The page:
Thanks so much for tuning in. The U.S. authorities weren't able to charge Shirley until after she had already fled the country. The D.A. in Westmoreland County asked the State Department in Washington, D.C. to ask the Canadian Federal Government to ask the Province of Newfoundland & Labrador to extradite her. Once the State Department submits its request for extradition & supporting documentation, they have no more input -- it's entirely under Canadian control, so all they could was wait, make pressuring phone calls and be available for consultation.
I spoke with the Westmoreland County D.A. at a screening a couple of weeks ago and he told me that every time he called there to put pressure on them, he got a somewhat annoyed reaction from across the border that he would question how they were doing their job. At least, that is my recollection of his experience as told to me.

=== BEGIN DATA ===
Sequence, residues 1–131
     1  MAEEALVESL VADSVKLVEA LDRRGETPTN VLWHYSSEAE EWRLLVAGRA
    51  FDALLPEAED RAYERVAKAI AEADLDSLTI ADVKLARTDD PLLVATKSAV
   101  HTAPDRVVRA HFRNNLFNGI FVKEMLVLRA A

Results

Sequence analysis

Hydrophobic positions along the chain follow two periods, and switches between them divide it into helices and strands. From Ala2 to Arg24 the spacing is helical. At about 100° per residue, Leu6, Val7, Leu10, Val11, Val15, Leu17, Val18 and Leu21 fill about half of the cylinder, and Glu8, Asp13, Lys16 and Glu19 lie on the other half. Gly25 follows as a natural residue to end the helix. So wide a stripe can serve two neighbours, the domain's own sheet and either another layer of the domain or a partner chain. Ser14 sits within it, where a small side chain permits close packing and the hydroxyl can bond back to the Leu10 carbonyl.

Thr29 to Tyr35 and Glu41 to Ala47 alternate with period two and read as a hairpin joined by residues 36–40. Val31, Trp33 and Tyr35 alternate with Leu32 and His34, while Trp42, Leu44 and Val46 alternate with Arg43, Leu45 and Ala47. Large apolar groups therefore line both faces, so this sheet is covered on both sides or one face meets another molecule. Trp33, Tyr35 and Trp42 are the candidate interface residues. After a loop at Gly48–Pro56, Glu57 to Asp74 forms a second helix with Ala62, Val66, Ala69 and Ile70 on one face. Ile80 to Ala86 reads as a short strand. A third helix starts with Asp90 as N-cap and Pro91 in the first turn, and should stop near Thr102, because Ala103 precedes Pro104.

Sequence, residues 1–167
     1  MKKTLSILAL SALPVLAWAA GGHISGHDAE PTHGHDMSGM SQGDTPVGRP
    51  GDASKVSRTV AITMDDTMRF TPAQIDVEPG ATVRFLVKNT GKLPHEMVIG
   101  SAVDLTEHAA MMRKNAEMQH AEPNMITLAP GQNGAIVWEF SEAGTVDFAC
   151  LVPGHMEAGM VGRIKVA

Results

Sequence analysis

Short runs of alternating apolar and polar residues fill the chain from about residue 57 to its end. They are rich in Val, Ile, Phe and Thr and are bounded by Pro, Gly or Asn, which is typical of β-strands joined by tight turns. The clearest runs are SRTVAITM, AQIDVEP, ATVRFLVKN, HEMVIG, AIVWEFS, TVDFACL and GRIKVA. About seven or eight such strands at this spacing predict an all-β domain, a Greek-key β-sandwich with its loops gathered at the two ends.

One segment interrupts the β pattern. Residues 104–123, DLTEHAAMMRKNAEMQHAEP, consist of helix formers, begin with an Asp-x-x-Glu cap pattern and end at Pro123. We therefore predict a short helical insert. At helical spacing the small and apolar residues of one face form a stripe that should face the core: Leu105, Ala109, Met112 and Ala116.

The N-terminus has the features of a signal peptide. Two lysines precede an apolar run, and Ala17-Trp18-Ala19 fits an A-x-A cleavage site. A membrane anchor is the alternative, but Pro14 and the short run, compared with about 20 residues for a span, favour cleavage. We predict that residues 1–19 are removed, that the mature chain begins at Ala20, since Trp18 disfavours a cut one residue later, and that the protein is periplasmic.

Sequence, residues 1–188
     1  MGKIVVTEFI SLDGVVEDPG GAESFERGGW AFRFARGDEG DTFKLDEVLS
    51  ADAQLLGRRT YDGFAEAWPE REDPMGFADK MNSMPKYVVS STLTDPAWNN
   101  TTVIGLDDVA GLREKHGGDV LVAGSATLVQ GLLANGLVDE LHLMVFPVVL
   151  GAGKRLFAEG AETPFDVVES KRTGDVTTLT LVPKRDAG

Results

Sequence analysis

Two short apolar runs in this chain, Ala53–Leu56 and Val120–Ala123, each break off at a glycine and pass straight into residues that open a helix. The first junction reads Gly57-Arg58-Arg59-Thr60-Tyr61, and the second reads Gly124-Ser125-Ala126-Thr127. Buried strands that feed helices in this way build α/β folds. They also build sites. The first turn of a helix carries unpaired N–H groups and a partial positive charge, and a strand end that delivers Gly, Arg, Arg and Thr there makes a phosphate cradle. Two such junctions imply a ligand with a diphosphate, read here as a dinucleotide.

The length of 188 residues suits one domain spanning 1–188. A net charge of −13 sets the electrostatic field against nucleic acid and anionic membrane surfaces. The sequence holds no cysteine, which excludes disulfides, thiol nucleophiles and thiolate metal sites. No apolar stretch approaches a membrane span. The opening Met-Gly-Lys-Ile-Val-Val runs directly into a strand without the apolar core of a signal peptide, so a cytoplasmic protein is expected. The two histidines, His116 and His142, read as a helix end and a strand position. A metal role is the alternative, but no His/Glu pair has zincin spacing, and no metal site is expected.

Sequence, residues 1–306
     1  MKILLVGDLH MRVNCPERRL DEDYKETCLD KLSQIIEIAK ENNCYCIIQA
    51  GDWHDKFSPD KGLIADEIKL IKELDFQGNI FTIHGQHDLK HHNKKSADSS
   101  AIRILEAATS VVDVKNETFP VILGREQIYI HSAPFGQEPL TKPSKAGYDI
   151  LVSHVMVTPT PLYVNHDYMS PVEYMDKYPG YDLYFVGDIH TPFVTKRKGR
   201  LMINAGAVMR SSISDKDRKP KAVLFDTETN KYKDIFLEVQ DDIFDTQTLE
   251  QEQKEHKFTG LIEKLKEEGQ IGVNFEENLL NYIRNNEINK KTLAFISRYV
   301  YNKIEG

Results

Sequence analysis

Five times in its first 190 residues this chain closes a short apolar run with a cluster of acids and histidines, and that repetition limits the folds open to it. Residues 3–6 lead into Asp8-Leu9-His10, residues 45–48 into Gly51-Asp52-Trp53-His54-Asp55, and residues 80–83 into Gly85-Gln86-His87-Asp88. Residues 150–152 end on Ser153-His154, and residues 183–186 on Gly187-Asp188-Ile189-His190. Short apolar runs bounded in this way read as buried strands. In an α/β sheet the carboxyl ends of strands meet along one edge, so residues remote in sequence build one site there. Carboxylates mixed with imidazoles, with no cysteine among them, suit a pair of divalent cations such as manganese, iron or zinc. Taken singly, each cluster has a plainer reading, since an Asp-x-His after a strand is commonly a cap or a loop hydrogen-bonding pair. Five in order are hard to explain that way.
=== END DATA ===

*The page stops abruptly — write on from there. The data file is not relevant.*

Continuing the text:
Thank you so much for writing and asking a very good question.
I would like to know if the Canadian version of our Supreme Court would have any punishments for the female judge that released that wicked witch on bail, such as disbarring her?
Is there any funding set up [for the Bagbys] to assist them with their legal costs?
Thanks so much for watching the film and for your kind words. Judges don't have to answer to anyone but higher courts for their decisions, so no, there has been no action against either Justices Russell or Welsh for releasing her on bail -- and technically, within the law, they did nothing wrong, as they did what they are allowed to do legally...interpret the law to release a probable pre-meditated murderer on bail.